As McManus points out, time is speed and so is accuracy when dealing with dairy solids. “It is used for quality but it is also used to save on ingredient costs and to maximize the usage of cream, because it is such an expensive ingredient,” she says. “They want to get the most for their money out of cream products, so it is important to monitor that.”
In addition to instruments and equipment that gauge whether or not products reflect stringent specs, processors employ various methods for detecting elements that can ultimately ruin a product. X-ray machines, for instance, have become more sophisticated in sensitivity and accuracy over the years to check for foreign objects like metals.
With the heavy emphasis on foodborne illness prevention, test kits used to determine the presence of certain microbes also have become faster and more reliable. For example, the PasLite indicator test for pasteurization verification developed by Lawrence, Mass.-based Charm Sciences Inc. helps assure processors that dairy items have been successfully and consistently pasteurized. Other recent upgrades include a new CellScan Innovate system designed to detect microbial contamination in ultra-high-temperature (UHT) and extended-shelf-life (ESL) dairy products and new RapiScreen Dairy bioluminescence-based rapid test from Celsis International, which has U.S. offices in Chicago.
Quality-assurance efforts also extend to the processing environment. Tests used to detect microbes on equipment and work surfaces have also become more advanced and rapid.
In dairy environments, even something as simple as lighting can make a big difference on product quality. For its part, Promolux offers low UV lighting for manufacturing plants and retail settings using a proprietary blend of phosphors and coatings. “A standard fluorescent light emits UV radiation that essentially has some effect on chemical reactions to light, so proteins are affected differently,” Brien explains. “Radiation can penetrate below the surface, so proteins and lipids can have some time of alternation. Some perishable products are more sensitive than others.”
Detection extends beyond the lab as well. The Optyx® 3000 Series Sorter from Walla Walla, Wash.-based Key Technology, designed to be located upstream from packaging operations, automatically detects and removes defects and foreign materials from the stream of such products as shredded cheese.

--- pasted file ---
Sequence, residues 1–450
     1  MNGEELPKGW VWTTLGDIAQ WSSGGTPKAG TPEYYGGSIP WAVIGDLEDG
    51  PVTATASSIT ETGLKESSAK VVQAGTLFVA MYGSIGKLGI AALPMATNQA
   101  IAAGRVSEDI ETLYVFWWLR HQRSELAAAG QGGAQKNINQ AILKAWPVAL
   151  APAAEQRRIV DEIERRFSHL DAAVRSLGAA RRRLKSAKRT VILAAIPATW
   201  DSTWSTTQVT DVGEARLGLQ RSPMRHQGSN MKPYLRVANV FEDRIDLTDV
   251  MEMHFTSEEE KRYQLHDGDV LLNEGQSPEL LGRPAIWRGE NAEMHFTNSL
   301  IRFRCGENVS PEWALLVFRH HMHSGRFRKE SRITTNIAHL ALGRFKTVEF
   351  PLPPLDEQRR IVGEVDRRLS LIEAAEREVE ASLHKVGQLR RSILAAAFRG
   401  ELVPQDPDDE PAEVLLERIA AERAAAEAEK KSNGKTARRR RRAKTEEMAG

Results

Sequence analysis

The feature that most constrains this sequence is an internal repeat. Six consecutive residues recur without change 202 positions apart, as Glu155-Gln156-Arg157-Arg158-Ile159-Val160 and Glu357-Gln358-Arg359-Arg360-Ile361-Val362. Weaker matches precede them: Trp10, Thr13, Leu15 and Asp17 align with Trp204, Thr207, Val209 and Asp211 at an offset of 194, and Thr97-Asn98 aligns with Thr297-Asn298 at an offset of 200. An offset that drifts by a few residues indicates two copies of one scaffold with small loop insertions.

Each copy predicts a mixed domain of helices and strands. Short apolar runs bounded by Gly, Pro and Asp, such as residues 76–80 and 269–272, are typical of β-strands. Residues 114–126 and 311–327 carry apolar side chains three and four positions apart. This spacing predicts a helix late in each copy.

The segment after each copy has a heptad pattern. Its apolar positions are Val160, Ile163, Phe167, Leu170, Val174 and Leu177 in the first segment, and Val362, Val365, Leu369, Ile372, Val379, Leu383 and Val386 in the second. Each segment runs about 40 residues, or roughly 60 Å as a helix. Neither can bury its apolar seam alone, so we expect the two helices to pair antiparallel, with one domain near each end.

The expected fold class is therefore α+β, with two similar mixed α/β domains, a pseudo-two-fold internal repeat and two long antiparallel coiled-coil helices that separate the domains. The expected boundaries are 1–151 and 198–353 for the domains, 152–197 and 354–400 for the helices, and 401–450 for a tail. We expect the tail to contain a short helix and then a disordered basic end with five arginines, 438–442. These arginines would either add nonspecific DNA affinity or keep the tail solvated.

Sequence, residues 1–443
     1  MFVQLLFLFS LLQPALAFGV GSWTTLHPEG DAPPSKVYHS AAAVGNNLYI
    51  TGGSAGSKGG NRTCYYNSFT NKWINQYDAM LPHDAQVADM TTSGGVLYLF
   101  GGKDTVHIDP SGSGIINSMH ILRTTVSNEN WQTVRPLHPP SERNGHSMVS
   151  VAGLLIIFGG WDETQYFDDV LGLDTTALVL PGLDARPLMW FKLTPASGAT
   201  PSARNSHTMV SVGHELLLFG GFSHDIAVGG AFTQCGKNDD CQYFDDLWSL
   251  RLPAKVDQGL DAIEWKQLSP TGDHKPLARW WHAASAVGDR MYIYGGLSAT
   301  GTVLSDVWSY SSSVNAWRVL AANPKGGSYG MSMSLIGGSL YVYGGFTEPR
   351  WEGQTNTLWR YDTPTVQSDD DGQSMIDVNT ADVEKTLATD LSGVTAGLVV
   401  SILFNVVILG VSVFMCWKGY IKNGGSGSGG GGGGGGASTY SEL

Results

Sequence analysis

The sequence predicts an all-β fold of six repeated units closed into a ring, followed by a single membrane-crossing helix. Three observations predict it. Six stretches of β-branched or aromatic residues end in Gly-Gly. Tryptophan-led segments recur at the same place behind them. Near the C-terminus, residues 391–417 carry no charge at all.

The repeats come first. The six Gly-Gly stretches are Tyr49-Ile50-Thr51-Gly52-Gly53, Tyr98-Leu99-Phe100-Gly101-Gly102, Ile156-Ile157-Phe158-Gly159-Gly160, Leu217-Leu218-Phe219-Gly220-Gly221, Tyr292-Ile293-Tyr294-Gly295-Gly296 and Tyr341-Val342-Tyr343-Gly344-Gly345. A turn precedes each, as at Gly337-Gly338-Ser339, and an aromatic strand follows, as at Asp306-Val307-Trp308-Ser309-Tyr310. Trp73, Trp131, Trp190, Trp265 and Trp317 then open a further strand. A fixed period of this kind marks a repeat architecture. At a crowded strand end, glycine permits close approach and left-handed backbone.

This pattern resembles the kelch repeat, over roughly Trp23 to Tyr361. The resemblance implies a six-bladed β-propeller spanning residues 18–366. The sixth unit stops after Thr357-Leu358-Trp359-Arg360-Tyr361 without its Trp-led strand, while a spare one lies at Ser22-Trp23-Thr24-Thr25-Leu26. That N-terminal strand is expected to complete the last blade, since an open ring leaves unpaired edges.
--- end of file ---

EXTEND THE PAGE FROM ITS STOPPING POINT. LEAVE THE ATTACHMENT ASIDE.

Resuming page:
At Your Service
In addition, and often in conjunction with, investing in quality-assurance tools and tests, processors often enlist consultants to keep their QA programs running smoothly and effectively. Consultants and independent specialists provide a range of services, from initial audits to suggestions for specific tools to audits of final products.
Third-party QA specialists also regularly research and update the ways in which they help customers ensure quality at multiple levels. Steritech has upgraded on-site training programs for issues including GMPs, HACCP, sanitation and other functions as part of its in-depth consulting service, along with the development of more user-friendly reports. Recently, the company launched a certification program to recognize companies that are in substantial compliance with applicable foods safety and quality assurance standards.
Another company specializing in QA services is RQA Inc., Darien, Ill., which offers custom product development and crisis management counseling as well. “Dairy clients utilize our services for packaging supplier audits, dairy audits for on-going GMP and compliance monitoring; quantitative and qualitative consumer sensory research; product retrieval of samples from the market for on-going quality and compliance monitoring; and consumer complaint sample retrieval for immediate customer evaluation,” says executive vice president Mary Ann Platt, adding that the company’s product dynamics division offer research, sensory evaluation and product development services at a newly expanded, state-of-the-art facility near Chicago.
As independent experts offer more services and as companies that supply quality assurance tools continue to push the cutting edge of science and technology, it can be pretty much assumed that QA is a term that will be tossed around dairies for a time to come. As Austin Scott points out, “The production of a safe, higher-quality product will save the facility money in the long run as they do not face the expense of possible re-work or, even worse, recalls.”
Lynn Petrak is a freelance journalist based in the Chicago area.$OMN_arttitle="QA: Never On The QT";?>